They brought two small dogs as a great present, but so vicious that they had to gag them, which was excepted of, through friendship, and in return the Dutch capt gave them a hound slut, which they seemed to adore. They tied a string round hur neck and danced round hur with great joy and led hur up to the town.[4]
Dogs could also intimidate. When the cooper John Nicol was having trouble getting work done while surrounded by Hawaiians, 'the captain, seeing from the deck my disagreeable situation, hailed me to set Neptune, our great Newfoundland dog, upon them, saying he would fear them more than fifty men.'[5]

If things got difficult, dogs could also become a food supply. In his entry for February 8, 1774, gunner's mate John Marra of Captain Cook's Resolution was matter of fact about it: 'Ships head N. by W. This day roasted the lieutenant's dog for the gun-room.'[6]

Sailors harbored an incredible affection for cats. When the American sailor Ashley Bowen took ill in 1746 as a prisoner in Hispanola, he found 'my cat was the greatest means of my recovery of my health.'[7] Henry Fielding was shocked at just how deep mariners' care for cats was during a voyage to Portugal in 1754:
While the ship was under sail, but making as will appear no great way, a kitten, one of four of the feline inhabitants of the cabin, fell from the window into the water: an alarm was immediately given to the captain, who was then upon deck, and received it with the utmost concern and many bitter oaths. He immediately gave orders to the steersman in favor of the poor thing, as he called it; the sails were instantly slackened, and all hands, as the phrase is, employed to recover the poor animal.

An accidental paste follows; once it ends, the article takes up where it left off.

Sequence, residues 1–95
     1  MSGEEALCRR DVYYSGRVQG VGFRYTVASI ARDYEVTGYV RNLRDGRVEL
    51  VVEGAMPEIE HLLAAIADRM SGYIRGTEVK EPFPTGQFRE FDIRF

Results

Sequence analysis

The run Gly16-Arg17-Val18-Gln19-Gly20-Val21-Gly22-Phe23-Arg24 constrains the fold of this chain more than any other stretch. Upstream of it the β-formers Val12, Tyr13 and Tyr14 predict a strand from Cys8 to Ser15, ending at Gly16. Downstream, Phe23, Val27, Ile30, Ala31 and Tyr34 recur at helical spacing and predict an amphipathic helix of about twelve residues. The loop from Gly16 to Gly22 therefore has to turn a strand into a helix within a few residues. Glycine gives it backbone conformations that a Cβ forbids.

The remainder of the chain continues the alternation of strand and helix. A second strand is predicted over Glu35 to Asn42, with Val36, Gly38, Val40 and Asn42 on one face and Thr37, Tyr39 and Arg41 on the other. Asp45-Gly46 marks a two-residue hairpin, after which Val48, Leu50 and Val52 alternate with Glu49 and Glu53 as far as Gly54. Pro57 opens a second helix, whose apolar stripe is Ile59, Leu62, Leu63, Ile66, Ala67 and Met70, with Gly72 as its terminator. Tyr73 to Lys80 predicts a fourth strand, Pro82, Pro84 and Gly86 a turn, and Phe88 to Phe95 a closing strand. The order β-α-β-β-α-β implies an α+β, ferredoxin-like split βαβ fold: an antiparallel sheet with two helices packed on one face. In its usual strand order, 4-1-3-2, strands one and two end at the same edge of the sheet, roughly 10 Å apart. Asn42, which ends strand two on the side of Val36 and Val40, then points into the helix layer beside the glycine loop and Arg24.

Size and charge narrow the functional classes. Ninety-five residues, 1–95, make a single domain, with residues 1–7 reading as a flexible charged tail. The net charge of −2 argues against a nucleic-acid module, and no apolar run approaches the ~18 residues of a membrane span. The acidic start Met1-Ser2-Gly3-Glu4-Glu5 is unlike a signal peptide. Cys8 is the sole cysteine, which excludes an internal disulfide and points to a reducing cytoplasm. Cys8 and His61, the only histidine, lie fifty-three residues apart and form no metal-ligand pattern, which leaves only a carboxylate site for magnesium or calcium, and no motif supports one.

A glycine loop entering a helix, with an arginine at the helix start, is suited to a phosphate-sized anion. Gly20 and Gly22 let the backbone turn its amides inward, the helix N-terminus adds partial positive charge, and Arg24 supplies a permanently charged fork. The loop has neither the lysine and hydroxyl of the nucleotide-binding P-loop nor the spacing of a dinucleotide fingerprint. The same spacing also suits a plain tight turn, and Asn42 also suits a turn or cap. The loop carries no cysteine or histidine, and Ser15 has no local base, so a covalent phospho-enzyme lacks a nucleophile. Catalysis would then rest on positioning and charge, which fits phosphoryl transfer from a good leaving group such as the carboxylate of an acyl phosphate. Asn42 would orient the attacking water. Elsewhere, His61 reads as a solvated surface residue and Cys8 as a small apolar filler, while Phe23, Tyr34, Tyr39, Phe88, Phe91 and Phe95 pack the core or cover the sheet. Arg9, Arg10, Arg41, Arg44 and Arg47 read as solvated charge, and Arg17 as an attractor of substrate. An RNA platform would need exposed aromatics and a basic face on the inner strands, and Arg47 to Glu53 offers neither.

The cat was eventually saved by the boatswain, who stripped and swam to the stricken creature, carrying it back aboard in his mouth. Fielding wrote in his journal that some sailors were disappointed at the survival of the kitten, as 'the drowning of a cat was the very surest way of raising a favourable wind.'[8] As much as sailors' superstitions are overplayed, the belief that cats were somehow connected to the winds appears to be genuine. Samuel Kelly remembered just such a case in 1788:
Having got the pilot on board at Deal and some fresh provisions, we sailed for the river. Our pilot, seeing our cat frolicsome, who doubtless smell the land, and was running in and out on the bowsprit, became exasperated against the poor animal; he being superstitious concluded her gambols denoted a heavy gale of wind, which actually came on and we rode out the storm in Margate Roads, but I do not think the manoeuvres of the cat were in any way connected with it.[9]
Kelly appears to be wrong. Cats may indeed react to changing barometric pressure. Obviously, cats do not affect the weather, but they are affected by it. No less a literary figure than Johnathan Swift commented on this phenomenon when he published his 1710 poem 'A Description of a City Shower' in The Tatler:
Careful observers may foretell the hour
(By sure prognostics) when to dread a shower:
While rain depends, the pensive cat gives o'er
Her frolics, and pursues her tail no more.[10]